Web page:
Image courtesy of geralt/Pixabay
The weaponisation of hyper-realistic synthetic video, audio, images, or texts –generally known as of synthetic media– may affect national security. How and to what extent?
As this graphic illustrates, since 2011 China has increased its investments in innovation to great effect. China’s tech industry now rivals its European counterparts, which puts pressure on European nations to engage in constant economic innovation in order to uphold Europe’s long-held comparative advantage.
Image courtesy of Free-Photos/Pixabay
This blog belongs to the CSS’ coronavirus blog series, which forms a part of the center’s analysis of the security policy implications of the coronavirus crisis. See the CSS special theme page on the coronavirus for more.
The COVID-19 pandemic has led to an explosion of digital tools for fighting communicable diseases. To cut through this complexity, this blog provides an overview of such tools for information exchange, contact tracing and monitoring compliance with physical distancing and quarantine measures. The large variety of applications can be explained by the (sub‑) national organization of crisis management, different socio-technological contexts, and the initial absence of sunk costs. To avoid an accelerated increase of surveillance that is incompatible with democratic standards, more transparency is needed regarding government contracts and consequential, algorithmic decision-making.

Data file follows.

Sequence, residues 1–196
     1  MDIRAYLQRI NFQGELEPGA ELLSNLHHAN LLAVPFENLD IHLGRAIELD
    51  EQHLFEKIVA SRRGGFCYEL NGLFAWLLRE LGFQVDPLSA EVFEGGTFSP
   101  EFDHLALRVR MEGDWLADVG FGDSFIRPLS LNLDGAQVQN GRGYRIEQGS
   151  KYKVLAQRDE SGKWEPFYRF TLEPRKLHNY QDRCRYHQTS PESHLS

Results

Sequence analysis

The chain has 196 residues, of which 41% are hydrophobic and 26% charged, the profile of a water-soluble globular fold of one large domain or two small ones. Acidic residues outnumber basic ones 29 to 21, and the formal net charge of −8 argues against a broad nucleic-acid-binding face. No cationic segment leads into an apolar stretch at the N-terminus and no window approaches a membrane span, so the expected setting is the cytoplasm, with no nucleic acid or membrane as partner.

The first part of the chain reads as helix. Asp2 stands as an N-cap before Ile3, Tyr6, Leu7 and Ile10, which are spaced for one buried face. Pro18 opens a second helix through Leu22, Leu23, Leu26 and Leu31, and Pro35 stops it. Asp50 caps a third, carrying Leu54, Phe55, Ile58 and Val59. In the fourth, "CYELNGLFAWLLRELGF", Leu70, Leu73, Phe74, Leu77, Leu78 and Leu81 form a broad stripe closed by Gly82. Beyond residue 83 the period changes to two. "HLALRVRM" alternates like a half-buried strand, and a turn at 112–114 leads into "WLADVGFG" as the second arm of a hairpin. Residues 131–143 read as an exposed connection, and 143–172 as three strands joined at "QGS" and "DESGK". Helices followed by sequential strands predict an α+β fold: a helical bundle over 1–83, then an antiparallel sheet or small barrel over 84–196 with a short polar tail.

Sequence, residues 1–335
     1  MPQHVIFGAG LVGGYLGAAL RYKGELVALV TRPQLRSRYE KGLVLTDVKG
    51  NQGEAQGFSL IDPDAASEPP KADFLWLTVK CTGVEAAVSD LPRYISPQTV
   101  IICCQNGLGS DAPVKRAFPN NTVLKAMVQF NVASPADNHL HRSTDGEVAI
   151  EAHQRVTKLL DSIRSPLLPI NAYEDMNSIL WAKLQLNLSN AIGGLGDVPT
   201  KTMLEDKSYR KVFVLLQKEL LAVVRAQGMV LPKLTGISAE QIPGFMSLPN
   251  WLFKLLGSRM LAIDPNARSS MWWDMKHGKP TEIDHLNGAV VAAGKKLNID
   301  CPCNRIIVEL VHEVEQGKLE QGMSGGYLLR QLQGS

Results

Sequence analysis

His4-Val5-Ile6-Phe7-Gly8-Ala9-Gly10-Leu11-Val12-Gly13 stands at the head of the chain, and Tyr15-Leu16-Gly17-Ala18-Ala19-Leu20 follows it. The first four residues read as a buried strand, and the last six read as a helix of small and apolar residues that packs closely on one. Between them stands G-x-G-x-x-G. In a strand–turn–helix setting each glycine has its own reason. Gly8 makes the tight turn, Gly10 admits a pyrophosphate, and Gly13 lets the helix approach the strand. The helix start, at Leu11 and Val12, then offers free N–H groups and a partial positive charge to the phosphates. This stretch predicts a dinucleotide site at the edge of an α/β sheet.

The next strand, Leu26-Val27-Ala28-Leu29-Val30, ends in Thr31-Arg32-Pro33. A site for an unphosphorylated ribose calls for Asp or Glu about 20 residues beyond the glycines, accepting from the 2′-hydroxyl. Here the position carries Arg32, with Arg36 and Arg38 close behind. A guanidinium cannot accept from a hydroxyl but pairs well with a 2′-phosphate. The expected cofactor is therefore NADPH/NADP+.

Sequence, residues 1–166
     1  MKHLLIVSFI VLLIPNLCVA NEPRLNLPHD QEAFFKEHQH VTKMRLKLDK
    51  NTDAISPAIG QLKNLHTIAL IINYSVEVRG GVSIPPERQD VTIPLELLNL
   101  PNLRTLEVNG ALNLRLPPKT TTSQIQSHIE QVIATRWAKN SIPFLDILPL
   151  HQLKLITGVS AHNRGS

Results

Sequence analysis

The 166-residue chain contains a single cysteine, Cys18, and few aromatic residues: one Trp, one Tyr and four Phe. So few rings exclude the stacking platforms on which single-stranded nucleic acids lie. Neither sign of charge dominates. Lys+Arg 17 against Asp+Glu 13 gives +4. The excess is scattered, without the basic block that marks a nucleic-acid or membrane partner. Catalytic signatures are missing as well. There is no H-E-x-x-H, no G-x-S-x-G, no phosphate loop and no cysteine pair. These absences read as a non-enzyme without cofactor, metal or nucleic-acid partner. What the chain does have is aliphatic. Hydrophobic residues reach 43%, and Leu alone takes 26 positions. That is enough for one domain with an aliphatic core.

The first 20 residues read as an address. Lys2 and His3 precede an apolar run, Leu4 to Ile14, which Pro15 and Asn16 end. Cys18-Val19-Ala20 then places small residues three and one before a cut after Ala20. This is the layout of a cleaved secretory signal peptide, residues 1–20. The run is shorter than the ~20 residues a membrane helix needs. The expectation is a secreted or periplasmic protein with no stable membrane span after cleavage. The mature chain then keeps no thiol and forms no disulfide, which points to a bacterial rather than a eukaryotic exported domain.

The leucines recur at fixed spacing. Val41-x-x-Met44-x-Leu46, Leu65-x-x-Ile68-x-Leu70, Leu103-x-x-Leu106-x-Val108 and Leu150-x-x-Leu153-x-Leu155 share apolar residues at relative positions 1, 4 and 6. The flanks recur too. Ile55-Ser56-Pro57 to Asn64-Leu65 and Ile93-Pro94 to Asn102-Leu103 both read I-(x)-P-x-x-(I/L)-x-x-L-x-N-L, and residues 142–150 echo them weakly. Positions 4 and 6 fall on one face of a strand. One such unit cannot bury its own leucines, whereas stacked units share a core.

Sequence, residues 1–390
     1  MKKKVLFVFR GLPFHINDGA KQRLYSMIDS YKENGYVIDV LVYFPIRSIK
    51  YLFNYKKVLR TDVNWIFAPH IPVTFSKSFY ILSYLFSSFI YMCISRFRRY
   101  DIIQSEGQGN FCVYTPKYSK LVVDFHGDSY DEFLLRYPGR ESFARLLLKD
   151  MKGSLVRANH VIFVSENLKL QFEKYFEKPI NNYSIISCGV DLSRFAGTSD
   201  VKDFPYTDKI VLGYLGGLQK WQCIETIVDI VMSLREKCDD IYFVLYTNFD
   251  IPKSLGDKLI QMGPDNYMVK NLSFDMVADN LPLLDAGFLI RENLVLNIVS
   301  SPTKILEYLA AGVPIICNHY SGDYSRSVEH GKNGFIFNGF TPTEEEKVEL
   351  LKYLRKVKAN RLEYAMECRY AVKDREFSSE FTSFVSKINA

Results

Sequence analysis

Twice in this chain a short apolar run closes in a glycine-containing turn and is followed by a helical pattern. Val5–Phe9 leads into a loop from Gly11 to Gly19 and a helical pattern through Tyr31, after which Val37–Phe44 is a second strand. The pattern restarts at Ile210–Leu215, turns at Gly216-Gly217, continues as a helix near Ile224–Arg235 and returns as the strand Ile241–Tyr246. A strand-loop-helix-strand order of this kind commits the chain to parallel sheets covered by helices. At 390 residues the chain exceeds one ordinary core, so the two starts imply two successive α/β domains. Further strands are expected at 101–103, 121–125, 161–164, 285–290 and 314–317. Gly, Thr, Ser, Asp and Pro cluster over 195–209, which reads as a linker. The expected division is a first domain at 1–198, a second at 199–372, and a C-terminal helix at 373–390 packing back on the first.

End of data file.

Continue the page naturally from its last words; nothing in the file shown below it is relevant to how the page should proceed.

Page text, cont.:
This graphic provides an overview of the nations in which major cyber theft incidents were initiated, as well as the countries affected by these attacks between 2000 and 2018. To find out what this highlights about the eclipse of Western military-technological superiority, read Michael Haas’ chapter for Strategic Trends 2019 here. Strategic Trends 2020 is out on 30 April.
This week’s featured graphic provides an overview of the number of air passengers flying to Switzerland, 2009-2018.
Last week, the Schengen Agreement’s 25th anniversary was marked by closing rather than open borders due to the coronavirus crisis. But when the crisis finally subsides, increasing mobility will again pose challenges for Swiss and European border agencies. For an analysis of what new technologies mean for border controls in Europe, read Julian Kamasa’s CSS Analyses in Security Policy here.